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Rosebay Willowherb

This plant, a wildflower, is my favourite flower of all. I love all flowers, both great and small, tree flowers, shrub flowers and any other type I encounter, they remind me of the goodness of life.

This blog may well annoy my critics because it’s not about woodworking nor is it related to wood in trees or at the workbench in any way. The Rosebay Willowherb means more to me than all the other flowers because it’s the first flower that struck me as beautiful from my childhood exposure in unkempt land that was my introduction to self motivated nature study. I was seven. Cinnabar moths, a daytime delta shaped moth, skipped and flitted from pink spire to pink spire, hesitating for only seconds before moving on. The land was a triangular acreage, around 300 I suppose, hemmed in on three sides by railway tracks and a shunt yard. Back then the land seemed to be making its way back from being abandoned and abused waste land. As with many people, I’ve often found myself liking ‘weeds’. Perhaps these perennials remind me of my own life growing up on and with the waste land as my backyard yet thriving as I adapted to benefit the world I live in. This particular weed has several names. Known as the Bombweed of Britain the seeds drifted in to colonise the bombed out zones of Britain after the second world war and then it was associated with the revival of cities like London itself. In the north America it’s known as fireweed as it appears after intense forest fires that left the earth scorch scarred. Where I come from you will find the spires of pink standing sentinel on railway bankings and what we once called recreation grounds, which were often former bombed out areas of any town.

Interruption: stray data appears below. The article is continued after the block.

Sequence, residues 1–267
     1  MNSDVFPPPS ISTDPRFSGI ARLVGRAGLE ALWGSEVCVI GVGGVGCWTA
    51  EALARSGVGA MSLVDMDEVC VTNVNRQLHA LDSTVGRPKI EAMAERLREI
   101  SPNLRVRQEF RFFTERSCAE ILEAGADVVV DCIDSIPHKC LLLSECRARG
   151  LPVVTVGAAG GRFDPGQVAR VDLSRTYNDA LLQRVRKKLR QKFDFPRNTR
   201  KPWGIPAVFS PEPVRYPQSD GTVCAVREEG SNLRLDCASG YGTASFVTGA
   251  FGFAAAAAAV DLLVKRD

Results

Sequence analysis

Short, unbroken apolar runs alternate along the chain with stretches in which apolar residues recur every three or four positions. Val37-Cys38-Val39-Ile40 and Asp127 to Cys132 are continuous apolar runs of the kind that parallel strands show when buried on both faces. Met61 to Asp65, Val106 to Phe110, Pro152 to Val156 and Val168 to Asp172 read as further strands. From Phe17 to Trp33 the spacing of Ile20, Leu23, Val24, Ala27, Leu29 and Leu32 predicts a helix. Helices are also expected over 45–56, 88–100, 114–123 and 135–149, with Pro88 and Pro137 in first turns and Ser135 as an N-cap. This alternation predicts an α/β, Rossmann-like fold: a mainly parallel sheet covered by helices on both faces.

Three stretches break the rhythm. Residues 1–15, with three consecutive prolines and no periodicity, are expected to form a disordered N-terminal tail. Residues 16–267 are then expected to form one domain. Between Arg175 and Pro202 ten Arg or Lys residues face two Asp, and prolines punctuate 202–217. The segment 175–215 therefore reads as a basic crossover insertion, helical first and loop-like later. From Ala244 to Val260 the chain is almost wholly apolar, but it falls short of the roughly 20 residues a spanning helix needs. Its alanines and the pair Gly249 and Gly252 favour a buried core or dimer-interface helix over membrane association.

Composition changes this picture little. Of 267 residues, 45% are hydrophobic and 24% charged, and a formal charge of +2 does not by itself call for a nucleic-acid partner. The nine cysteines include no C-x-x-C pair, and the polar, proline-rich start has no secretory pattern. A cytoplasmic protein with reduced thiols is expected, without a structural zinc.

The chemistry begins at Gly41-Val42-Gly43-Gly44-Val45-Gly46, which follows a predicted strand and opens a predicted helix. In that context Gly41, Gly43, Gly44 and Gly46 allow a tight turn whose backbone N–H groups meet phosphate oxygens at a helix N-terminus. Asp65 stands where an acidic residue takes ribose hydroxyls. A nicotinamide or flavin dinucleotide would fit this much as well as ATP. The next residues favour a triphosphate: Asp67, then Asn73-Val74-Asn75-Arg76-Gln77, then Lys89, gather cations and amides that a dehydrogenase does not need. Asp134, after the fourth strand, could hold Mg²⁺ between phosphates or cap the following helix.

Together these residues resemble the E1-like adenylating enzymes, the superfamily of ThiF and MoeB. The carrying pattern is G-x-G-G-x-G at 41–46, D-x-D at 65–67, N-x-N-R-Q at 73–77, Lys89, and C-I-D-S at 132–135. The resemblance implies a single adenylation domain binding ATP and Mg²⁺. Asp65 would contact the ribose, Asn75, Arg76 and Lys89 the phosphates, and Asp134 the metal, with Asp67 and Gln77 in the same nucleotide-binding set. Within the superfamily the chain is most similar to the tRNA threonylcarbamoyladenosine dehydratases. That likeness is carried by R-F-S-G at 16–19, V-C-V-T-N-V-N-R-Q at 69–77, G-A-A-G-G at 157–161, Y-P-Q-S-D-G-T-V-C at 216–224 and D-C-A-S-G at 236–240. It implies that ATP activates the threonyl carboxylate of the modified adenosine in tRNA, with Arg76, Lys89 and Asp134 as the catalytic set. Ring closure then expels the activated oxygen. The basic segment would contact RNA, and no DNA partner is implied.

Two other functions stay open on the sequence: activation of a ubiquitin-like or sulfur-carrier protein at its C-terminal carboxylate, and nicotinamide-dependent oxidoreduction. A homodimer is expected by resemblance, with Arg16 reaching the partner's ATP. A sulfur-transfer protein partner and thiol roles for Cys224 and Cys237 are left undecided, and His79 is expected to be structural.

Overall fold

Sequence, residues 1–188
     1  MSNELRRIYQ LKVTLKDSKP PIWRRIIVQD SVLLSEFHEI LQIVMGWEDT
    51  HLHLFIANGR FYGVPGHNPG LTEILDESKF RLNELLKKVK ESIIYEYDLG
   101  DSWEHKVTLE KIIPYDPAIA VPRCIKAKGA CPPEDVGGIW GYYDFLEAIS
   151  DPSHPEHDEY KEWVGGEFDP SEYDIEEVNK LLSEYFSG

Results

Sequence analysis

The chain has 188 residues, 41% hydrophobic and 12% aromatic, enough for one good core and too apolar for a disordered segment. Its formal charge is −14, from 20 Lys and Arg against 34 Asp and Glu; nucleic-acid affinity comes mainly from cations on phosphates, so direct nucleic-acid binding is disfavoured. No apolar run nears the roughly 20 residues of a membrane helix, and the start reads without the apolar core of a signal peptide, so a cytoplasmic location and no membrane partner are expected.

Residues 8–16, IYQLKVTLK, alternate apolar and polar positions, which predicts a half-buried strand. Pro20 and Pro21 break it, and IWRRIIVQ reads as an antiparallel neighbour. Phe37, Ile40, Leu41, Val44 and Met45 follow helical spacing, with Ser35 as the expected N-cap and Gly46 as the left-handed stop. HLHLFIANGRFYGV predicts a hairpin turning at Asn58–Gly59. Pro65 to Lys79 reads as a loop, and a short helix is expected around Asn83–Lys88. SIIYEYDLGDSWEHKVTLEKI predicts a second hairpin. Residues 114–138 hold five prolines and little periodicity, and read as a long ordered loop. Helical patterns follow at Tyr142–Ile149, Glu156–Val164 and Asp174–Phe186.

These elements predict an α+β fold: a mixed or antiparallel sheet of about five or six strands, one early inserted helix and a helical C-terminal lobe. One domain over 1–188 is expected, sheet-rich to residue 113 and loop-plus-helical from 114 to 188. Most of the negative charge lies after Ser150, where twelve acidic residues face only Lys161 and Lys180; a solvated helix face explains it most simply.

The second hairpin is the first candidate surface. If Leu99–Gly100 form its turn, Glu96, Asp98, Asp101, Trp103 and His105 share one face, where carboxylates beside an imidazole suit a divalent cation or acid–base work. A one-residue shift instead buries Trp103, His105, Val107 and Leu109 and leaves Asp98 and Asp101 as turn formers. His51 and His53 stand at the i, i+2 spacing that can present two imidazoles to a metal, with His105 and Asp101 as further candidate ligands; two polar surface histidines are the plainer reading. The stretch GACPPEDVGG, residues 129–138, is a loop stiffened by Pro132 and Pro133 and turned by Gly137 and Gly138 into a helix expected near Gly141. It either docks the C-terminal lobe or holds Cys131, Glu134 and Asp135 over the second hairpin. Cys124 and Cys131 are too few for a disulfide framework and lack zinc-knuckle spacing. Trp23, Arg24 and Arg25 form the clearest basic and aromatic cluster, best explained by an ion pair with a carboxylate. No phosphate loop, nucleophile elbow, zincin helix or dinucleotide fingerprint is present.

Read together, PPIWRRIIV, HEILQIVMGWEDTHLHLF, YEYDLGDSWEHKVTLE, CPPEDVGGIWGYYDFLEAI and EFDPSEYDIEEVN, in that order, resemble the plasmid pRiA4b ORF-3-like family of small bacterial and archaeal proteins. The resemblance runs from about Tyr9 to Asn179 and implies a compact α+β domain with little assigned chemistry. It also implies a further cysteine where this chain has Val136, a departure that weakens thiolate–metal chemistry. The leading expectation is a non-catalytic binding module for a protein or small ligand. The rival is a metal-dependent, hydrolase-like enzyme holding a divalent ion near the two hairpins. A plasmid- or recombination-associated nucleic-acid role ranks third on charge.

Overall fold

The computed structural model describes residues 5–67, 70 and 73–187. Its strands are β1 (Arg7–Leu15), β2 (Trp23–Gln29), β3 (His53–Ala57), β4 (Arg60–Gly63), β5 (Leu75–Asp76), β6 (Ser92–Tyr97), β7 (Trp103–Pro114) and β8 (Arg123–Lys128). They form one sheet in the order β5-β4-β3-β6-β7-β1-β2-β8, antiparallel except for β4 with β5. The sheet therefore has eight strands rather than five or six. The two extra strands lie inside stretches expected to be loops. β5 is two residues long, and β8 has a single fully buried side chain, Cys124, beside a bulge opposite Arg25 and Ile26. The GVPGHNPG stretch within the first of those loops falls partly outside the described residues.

So here I am, still awed by their beauty and the memories of catching Cinnabar moth caterpillars, jersey-striped yellow and black bands equally spaced, in a jam jars and adding leaves for food while waiting for them to attach themselves for cocooning. I’m looking back on my life and looking forward into the future. The raw beginnings of my woodworking resulted from an intent to survive. When my craft became mine, and I owned it, I found the freedom I needed to be my lifestyle woodworker off the conveyor belt.

30 Comments

  1. Day Johnston on 1 July 2019 at 2:59 pm

    Gather ye Rosebays while ye may

    • Bob Carlson, Fairbanks Alaska on 3 July 2019 at 5:29 pm

      Paul, In Alaska and northern Canada, they are Fireweeds!